The Softer Side of Space: 3 Transformative Influences on the Interior Design Profession
Interior design as a profession is in the midst of immense change, because human needs and the world itself have transformed. And these transformations could be the catalyst for reorienting the industry to focus more on the end user.
As Jim Williamson, a principal at Gensler, puts it, “Interior designers have the opportunity to be the integrators for designing the future human experience.” After all, the quality of the human experience—and not just the quality of the space—are integral to good design. Even so, many of the skills designers need today are considered “soft skills.” As CIDA’s Future Vision Report notes, there is a gap between the industry’s stated values and how they’re practiced—in the past, outcomes were judged far more on their financial and real estate performance than on the experience of the space.
ThinkLab has been exploring this juxtaposition: the past measures of success in our profession, such as cost per square foot and other quantifiable metrics, versus the more pressing needs of clients today, which center around human experience. As David Taglione, creative director at ICRAVE said in a recent Clubhouse discussion, “New experiential environments are emerging all of the time. With these changing environments come evolved approaches to creating human connection, which will influence technology, mental health, and the physical environment. We will see all of these elements bend to create a new exciting reality.”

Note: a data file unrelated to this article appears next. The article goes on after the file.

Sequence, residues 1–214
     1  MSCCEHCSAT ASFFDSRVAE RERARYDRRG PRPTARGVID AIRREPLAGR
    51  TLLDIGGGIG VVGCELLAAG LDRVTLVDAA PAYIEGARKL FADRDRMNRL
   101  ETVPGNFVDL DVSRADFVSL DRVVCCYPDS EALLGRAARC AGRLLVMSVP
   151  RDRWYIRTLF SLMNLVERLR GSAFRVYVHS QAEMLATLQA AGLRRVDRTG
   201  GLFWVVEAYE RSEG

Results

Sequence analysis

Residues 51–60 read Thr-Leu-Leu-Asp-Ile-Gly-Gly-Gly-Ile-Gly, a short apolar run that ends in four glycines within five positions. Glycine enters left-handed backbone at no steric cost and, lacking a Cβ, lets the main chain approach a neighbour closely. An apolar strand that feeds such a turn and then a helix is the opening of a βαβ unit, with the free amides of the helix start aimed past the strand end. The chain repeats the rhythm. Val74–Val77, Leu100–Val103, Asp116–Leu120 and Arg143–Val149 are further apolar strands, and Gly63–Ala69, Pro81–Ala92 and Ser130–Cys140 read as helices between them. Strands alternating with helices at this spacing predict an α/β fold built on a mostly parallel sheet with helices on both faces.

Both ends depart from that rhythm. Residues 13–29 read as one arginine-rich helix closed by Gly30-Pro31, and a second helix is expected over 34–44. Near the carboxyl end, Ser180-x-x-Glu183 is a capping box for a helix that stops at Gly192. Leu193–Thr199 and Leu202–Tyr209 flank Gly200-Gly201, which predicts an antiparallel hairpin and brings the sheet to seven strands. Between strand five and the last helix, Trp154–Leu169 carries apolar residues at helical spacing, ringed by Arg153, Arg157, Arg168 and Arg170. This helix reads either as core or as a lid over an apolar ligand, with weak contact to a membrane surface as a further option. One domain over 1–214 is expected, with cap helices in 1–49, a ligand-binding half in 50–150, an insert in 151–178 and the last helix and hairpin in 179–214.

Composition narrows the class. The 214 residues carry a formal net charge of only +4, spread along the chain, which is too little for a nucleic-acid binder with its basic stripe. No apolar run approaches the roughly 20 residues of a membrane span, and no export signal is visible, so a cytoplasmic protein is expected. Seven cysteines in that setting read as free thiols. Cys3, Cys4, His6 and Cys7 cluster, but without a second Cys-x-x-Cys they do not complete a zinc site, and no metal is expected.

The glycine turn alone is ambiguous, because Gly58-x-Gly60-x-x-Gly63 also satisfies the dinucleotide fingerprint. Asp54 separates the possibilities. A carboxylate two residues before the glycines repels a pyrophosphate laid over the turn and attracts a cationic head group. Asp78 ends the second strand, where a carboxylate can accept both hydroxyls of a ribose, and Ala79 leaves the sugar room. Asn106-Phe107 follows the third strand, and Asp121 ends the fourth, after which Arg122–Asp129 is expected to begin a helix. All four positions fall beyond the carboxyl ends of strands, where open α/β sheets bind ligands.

Today, we must create new measures to account for the softer side of space—here’s how.
1. Evolve education curriculum to focus on why instead of how.
The phrase “The children are the future” is commonplace, but for every challenge that each generation faces, it remains, optimistically, the truth. To learn more about career development for the next cohort of designers, we spoke with Amanda Gale, CIDA board member and associate professor at UNC Greensboro. How are colleges and universities tailoring their curriculum to teach students the soft skills they will need as professionals? “Studios are focusing less on deliverables such as drawings or renderings, and trying to have students focus more so on the rationale of their designs,” Gale told us. A key part of this process involves considering the needs of the end user in greater detail: “We are giving the students projects with higher degrees of complexity that require them to learn more about the end user, not just building codes or square footage, but rather inclusivity and experience. We are encouraging students to tap into their networks and find an end user to connect with, interview, and learn about their experiences, rather than just look for visually interesting photos for inspiration.”
Taglione echoed this sentiment and noted that he thinks students are up for the challenge: “We are at a crossroads right now. There is a unique opportunity to define what the next iteration of design practice looks like. There has been a shift in the industry where interiors are now shaping buildings from the beginning, whereas before, it was the norm for interiors to come later in the process. What I’m seeing from students is that they are ripe for change and ready to tackle these new challenges.”